Flashback with me for a moment.
Date: November 24, 2007
Location: "Youth Trendsetters" working session room, Center for Environmental Education, Ahmedabad, India
At the end of a long, challenging, and inspiring day, we, the youth voices at the conference, were tasked with integrating ourselves into the greater conference. The conference planners had done a fantastic job of creating opportunities for youth voices to enter the conversation, from leading working sessions, to facilitating the creation of Recommendations for the larger conference Declaration (that will later be widely spread to UN offices, governments, policymakers, etc.), to speaking at plenaries. Now the youth voices had to step up and fill those roles.
As Christy has already reported, Jie Chen, I-YEL alumni and beloved Urban Trailblazers Instructor, volunteered to lead a working session. And I, spurred by a playful "Aekta, Aekta, Aekta" chant from fellow CFC delegates, volunteered to speak at the "Setting the Tone" plenary on the opening day of the conference.
Below you'll get a chance to read the transcript of the speech, but before jumping to that I must give some context.
Planning for the speech the conference organizers helped me gather a group of excited, fiery, young people, my "speech-writing committee" Ernesto and I now jest. What came out of the meeting was a strong, and emotional, sentiment that youth and the education for sustainable development movement were just not being listened to. And, the culprits were not just the usual suspects like corporations, but leaders in the environmental community itself.
Ernesto, Jie, and I took these thoughts late into the night, and composed a manifesto of sorts, which I presented the next day. I am proud to say that the message has truly resonated with the 1,500 international delegates here in Ahmedabad, and I hope it will with you as well.
(Note: Once we have better access to media, we will upload the video of the speech, but for now, enjoy the words)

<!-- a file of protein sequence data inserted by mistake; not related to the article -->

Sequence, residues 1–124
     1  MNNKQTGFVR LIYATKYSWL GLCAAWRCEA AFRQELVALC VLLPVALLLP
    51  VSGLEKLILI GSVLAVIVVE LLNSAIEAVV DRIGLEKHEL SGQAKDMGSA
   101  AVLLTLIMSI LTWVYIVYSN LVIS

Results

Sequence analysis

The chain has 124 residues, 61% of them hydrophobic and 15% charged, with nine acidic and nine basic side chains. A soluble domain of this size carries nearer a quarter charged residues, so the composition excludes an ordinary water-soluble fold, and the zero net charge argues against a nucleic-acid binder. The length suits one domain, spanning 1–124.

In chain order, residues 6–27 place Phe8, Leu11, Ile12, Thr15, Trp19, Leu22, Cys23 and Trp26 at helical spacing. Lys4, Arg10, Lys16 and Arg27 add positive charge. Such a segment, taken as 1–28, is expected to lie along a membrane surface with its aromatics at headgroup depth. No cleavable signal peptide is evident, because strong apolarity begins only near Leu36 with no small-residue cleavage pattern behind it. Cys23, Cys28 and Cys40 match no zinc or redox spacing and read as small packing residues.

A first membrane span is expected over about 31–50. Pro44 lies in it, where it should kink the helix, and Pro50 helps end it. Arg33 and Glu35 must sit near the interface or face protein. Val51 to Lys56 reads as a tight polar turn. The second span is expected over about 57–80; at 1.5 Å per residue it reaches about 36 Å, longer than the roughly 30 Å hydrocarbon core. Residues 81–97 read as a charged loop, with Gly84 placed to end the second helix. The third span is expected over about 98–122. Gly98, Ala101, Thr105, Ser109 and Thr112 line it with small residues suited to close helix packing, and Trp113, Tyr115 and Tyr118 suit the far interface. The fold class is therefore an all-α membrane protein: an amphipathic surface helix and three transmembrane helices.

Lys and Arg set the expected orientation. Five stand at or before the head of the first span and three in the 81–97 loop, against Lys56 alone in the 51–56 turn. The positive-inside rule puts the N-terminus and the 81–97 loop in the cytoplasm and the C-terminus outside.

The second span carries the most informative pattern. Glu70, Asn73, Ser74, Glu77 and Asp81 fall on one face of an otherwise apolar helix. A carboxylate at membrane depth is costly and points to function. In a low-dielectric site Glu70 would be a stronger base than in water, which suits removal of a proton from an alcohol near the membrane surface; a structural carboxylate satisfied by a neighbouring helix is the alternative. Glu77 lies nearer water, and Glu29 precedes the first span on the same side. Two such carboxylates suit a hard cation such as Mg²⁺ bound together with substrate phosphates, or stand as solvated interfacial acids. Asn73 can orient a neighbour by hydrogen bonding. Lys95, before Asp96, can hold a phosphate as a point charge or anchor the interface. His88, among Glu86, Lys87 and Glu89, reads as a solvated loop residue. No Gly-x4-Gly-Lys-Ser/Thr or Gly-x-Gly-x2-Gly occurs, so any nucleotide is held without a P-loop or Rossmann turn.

So many times, when “youth” are brought up to stage to speak, it is for the wrong reasons:
It is because they have been loud and pestering and you want them to shut up
It is because they are just sooooo cute and make for great photo opps
It is because by doing so you can check “youth voice” off of the list as “represented” or “heard”
But, there are also right reasons to have a youth speaker:
It is because you want to hear a diversity in the voices that are speaking
It is because you want to ensure that all voices are given a stage
And, most importantly:
It is because you want to listen.
We do not listen anymore. There is a lot of noise: TVs blasting, Radios singing, Cars exhausting, Politicians politicking, Rickshaws, just being rickshaws.
Listening is a simple idea, but as with all things that are simple, it is actually quite complex. Listening is made up of many dynamic elements.
Listening is trust, trust that what is being spoken is true, for the speaker, and in the speaker’s heart and trust that you will have your turn to speak too.
Listening is respect, not necessarily respect for the words that are being spoken, or even the ideas being spoken, but respect for the person that is speaking the words.
Listening is Power; listening is the vehicle through which the tools of action are disseminated and gathered.
Listening is Leadership; you cannot lead if you do not know what those you are leading need. The world needs strong leadership, the world needs listeners.
It is time to let the listeners lead.
In traditional education, adults (teachers) speak and the youth (students) listen. We all know this framework. But, how can the teacher teach effectively if s/he is not listening to the student? Let us change this paradigm. Trust, Respect, Power, Leadership, let us introduce these dynamic elements into the teacher-student relationship, and, why stop there? Let it flow into all of our relationships. Youth are your disciples, but they are also your colleagues, they are your mentees and they are also your mentors. Let us all become listeners and so, let us all lead.